``Do not try to advance a step at a time,'' Mr. Douglas writes. ``Define your objectives clearly and move towards them in quantum leaps. Otherwise the interest groups will have time to mobilize and drag you down.''
The restructuring of government proved how well the approach can work. Specific changes -- the loss of a women's ministry, little status for arts and culture, a reduced role for environment -- might have sparked protests. As part of a massive restructuring, each individual change received less attention.
And it relies on a continuous rapid movement toward the government's goals. ``One you build the momentum, don't let it stop rolling,'' Douglas counsels. Governments should pile on the change, so opponents are still struggling to mobilize against the last reform while the newest one rolls out.
It's a prescription for government surgery conducted with a chainsaw or axe, not a scalpel.

7 comments:

Gazetteer said...

Thanks for this Paul.

And it will be very interesting to read what others think about it.

Just to expand a little bit about what brought me to my hypothesis, I first started wondering about this after reading Monte Paulsen's interesting piece that was published in The Tyee during the early days of the election campaign just past.

Then, after the single TV debate that came later in the campaign, I really, really started to wonder.

Finally, when the post-election reports of the deep healthcare cuts first surfaced pretty much simultaneously with all that 'two-tiered is fine'-type talk that was floated by a Campbell-appointed official, which you commented on extensively, well, it was impossible for me to not think of that old saw from noted American uber-conservative Grover Norquist about wanting to shrink the size of government enough that so he could 'drown it in the bathtub'.

RossK

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Beverly said...

How convenient. I found an old copy of "Future Shock" and am rereading it.
Plays to all mentioned here.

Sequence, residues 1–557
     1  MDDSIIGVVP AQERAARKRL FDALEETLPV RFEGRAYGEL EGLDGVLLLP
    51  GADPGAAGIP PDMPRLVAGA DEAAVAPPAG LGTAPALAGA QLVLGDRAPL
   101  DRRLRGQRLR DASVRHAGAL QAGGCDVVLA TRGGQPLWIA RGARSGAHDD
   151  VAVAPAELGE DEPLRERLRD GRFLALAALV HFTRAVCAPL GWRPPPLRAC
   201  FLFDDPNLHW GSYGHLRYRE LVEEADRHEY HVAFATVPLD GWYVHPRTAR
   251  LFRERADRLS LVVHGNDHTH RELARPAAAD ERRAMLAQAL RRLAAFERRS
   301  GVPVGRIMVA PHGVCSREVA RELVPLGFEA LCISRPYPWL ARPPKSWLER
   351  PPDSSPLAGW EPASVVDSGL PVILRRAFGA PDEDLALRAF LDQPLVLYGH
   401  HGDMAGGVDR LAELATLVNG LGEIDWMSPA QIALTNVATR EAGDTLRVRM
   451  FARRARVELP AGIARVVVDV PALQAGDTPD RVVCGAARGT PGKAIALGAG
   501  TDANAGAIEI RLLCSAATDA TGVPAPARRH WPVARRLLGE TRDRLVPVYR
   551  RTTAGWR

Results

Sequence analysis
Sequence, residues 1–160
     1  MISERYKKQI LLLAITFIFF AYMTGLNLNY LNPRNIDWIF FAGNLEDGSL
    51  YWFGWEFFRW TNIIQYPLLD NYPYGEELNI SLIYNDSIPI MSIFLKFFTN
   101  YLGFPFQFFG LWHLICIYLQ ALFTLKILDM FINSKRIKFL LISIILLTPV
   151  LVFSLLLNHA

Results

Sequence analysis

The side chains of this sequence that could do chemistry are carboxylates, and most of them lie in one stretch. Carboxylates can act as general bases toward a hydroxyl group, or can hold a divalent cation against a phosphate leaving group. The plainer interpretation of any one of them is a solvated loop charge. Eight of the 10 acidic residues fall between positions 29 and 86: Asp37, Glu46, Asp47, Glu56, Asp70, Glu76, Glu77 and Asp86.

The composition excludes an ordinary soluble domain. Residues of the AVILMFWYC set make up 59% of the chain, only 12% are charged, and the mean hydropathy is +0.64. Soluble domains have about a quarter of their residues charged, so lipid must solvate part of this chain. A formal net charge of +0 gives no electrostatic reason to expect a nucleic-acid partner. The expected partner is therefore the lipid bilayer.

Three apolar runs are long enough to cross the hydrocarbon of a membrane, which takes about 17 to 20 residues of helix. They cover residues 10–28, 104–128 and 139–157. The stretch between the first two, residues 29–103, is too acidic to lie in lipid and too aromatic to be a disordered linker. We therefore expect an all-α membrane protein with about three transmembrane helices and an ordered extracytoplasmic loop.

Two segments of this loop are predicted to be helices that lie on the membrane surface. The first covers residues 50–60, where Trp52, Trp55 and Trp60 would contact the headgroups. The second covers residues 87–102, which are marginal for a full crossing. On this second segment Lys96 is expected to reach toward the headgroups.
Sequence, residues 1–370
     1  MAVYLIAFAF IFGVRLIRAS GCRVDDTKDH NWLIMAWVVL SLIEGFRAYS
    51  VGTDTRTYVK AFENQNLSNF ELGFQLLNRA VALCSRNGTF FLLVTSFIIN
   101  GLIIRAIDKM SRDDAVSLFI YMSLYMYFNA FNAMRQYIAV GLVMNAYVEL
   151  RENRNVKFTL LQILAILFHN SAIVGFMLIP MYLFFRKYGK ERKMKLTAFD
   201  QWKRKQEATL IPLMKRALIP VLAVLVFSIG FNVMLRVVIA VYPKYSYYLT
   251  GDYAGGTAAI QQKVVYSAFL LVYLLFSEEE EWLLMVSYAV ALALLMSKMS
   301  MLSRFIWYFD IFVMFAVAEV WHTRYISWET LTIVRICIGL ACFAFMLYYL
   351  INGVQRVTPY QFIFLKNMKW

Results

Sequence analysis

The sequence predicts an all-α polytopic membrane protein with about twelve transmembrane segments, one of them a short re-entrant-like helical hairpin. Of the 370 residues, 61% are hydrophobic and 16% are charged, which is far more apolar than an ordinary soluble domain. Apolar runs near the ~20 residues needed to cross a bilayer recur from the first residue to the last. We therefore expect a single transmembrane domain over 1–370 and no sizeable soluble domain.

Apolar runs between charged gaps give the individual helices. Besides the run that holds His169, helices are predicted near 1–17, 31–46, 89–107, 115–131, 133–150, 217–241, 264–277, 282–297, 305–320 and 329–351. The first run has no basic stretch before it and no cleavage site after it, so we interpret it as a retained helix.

BC Liberals Suck said...

Disaster capitalism at it's core. The purposeful collusion of parties to cause as much public disorder as possible in order to ram through the biggest gutting of a society, or province as demonically possible. To the benefit of the corporations and other assorted empty vessels, or greedy parasites.

"how do you assess a premier who defines climate change as an enormous threat to mankind, then loses interest within 24 months?"

A fake, opportunist, political hack, flaky, self-interested, well-managed? I could go on...

BC Liberals Suck

P.S. You can’t lose something you never had.

Anonymous said...

Poor little me was thinking it was a cynical ploy to short circuit bargaining with all the labour contracts that expire in March 2010 - the Gazetteer has come up with a much more sinister plot.

Gazetteer said...

Anon--

The two are NOT necessarily mutually exclusive.

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Anonymous said...

Thank you Paul and Ross K. for your excellent analysis and observations.

We need to pay attention and take action as citizens to stop government being dismantled. And I think they will try to break unions too.

Anonymous said...

Anon 8:38...I'm a member of the HEU, and I can assure you they are absolutely out to break the unions.
Well...the ones they don't like. Those that are members/shareholders of Concert Properties are quite safe.